Making Social Media Work for Your School

Making Social Media Work for Your School
An introduction to using Facebook, YouTube and Pinterest to promote your school.

A decade ago you spent a fortune on a gorgeous catalog and a couple of recruiting trips. Then you waited. If you had gotten your catalogs into the right hands and had a good turnout for your recruiting trips, you were in good shape. The applications came in hopefully in a three to one ratio. All was well.

That approach doesn't work very well today. Your demographics have changed. More and more of your target parents belong to Generation Y. They get their information from social media.

The diversity goals your school has require different approaches too. You need to extend the reach of your advertising campaigns by using social media which is easily shared. Your market has become more segmented and much more competitive. As the economic outlook makes the future look more and more uncertain parents are examining the educational foundations which their children will need in order to be successful in their adult lives.

The uncertain economy which has dogged us since the 2008 recession causes financial concerns for both you and your school and your current and prospective families.

That's where social media comes in. Done well, social media will improve your admissions yield. Done consistently, social media can cement value in place in the minds of your target audience.

But remember: social media is still marketing. It requires planning and execution of that marketing plan to work. It cannot be a hit or miss approach. Neither can you leave your marketing in the hands of well-intentioned amateurs. Each social media component needs to be used effectively in order to help you achieve your marketing campaign goals.

Here are some ideas for you to consider as you develop your marketing plan using Facebook, Pinterest, and YouTube.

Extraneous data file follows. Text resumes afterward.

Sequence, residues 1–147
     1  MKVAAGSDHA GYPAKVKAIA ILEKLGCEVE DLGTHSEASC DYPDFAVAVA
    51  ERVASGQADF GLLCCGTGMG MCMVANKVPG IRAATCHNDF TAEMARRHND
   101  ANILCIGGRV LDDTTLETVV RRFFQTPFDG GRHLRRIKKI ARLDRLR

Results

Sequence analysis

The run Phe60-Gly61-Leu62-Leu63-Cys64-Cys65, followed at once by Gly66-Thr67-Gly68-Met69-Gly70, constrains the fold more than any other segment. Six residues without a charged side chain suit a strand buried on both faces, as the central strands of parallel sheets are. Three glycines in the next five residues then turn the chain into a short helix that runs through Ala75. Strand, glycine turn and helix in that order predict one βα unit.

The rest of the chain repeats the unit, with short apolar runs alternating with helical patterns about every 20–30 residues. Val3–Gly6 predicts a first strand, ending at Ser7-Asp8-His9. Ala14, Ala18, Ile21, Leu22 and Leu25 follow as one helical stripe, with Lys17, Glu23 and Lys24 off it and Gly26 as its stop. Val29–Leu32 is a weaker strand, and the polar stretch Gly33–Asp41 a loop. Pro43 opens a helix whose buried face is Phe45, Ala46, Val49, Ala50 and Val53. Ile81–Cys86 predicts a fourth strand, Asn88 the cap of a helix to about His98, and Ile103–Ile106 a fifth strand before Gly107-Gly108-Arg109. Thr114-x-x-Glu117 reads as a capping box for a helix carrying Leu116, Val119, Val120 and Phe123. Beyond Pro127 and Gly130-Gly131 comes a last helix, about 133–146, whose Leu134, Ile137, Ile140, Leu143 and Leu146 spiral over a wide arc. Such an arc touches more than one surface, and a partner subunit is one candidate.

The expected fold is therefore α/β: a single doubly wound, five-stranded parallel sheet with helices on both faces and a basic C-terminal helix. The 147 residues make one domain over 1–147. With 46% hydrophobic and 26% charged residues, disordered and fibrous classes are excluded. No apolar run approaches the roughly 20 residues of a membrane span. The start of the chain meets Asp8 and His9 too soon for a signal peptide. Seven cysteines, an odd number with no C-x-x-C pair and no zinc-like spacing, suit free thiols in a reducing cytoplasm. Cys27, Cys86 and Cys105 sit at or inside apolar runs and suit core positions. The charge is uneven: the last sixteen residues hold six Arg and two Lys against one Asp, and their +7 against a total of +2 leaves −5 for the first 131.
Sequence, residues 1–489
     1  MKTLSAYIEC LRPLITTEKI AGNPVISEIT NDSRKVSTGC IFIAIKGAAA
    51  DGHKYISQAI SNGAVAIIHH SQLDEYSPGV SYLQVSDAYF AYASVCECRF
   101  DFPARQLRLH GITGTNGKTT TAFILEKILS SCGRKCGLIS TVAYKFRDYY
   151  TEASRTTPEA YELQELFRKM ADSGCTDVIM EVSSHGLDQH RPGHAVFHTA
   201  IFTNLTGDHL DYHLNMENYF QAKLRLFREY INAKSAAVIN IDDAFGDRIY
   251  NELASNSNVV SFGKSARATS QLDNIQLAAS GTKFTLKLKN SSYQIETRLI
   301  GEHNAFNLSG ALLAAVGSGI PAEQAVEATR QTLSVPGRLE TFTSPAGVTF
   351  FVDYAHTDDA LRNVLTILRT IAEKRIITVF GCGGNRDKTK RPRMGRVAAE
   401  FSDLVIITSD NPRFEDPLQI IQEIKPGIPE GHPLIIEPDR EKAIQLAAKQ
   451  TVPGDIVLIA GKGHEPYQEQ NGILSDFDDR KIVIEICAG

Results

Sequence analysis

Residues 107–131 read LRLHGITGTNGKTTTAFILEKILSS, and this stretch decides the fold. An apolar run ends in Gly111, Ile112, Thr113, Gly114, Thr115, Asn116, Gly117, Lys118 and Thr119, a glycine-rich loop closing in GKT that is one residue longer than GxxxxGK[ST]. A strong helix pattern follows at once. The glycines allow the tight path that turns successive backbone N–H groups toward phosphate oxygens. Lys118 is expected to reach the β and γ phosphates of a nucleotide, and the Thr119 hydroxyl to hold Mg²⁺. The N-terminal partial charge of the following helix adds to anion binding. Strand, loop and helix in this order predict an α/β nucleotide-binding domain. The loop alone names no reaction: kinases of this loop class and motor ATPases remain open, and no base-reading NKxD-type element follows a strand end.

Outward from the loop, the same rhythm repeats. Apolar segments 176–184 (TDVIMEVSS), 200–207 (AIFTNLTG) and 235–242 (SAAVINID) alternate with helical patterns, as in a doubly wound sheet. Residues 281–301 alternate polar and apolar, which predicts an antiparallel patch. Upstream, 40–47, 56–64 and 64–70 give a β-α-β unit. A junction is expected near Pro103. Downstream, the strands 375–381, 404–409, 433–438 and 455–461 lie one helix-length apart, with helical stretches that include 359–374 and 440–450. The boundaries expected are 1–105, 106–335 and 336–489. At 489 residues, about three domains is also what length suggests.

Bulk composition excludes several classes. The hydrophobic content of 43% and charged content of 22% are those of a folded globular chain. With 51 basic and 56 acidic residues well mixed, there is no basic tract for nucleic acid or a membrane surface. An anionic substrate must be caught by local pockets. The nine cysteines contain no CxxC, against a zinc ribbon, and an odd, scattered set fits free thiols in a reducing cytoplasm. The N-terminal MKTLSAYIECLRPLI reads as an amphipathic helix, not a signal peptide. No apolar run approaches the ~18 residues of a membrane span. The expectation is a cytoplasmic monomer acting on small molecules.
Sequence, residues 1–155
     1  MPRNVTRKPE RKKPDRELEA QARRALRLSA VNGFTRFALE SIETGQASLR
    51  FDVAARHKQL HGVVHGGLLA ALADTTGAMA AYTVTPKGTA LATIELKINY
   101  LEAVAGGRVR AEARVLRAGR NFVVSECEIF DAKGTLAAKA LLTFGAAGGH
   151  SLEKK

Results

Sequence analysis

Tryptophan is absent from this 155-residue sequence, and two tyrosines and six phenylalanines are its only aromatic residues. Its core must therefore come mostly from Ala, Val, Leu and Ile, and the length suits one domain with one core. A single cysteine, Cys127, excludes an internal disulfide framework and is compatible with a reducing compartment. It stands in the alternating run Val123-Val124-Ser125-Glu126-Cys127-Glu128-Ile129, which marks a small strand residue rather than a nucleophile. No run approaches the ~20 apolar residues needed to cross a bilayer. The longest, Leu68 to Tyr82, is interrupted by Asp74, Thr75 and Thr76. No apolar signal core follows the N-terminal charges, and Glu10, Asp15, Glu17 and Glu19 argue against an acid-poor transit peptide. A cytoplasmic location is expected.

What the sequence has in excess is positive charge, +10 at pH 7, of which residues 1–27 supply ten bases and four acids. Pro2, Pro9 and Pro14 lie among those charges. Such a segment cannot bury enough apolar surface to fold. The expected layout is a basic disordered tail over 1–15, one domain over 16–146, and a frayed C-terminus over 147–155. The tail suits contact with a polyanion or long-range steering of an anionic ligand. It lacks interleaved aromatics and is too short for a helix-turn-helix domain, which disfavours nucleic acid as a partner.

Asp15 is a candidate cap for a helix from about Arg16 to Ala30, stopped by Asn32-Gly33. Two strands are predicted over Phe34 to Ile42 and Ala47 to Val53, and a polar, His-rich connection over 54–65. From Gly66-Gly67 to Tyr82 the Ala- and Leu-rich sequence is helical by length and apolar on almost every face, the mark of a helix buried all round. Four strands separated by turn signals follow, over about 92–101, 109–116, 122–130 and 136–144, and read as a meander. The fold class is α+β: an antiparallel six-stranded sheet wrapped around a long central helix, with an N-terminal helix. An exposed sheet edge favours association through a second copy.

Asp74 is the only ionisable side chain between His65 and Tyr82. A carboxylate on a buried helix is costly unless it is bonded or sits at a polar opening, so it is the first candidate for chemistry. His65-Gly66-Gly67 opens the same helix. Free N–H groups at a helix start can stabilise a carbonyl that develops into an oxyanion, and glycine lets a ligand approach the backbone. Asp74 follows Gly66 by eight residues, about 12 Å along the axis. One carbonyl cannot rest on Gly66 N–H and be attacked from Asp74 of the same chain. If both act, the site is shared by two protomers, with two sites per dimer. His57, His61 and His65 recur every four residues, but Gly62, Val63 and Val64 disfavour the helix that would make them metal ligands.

For recruiting

Social media is all about convincing your fan base to promote the school with their friends. You want to have the 500 friends of your school sharing photos and stories about your school with their friends who in turn share them with their friends. You have heard the expression 'going viral'. That's when a story or photo or video gets shared rapidly all over the place. Most of the time that applies to a major event such as a disaster. But it can work in a positive manner for marketing your school too. And, as you probably have discovered, your Generation Y audience will believe what their friends tell me more than they will trust other sources of information.

This sharing and viral marketing approach can work to your advantage in a school situation too. The trick is trying to figure out what your fan base really likes. What pushes their buttons. What resonates with them. Let's look at a couple of things schools do all the time which will get your school talked about positively and drive traffic to your social media sites and ultimately your website.

Using photos to sell your school

Schools have plenty of events to choose from because there is always something going on during the academic year. The secret to using events as part of your marketing strategy is to get great photos of them. The secret to great photos is to have a photographer with a keen eye. Interestingly enough that photographer with the keen eye is often a student. Encourage your students to snap those great shots which will elicit a "Wow!" or "What a wonderful idea!" when you post them on Facebook.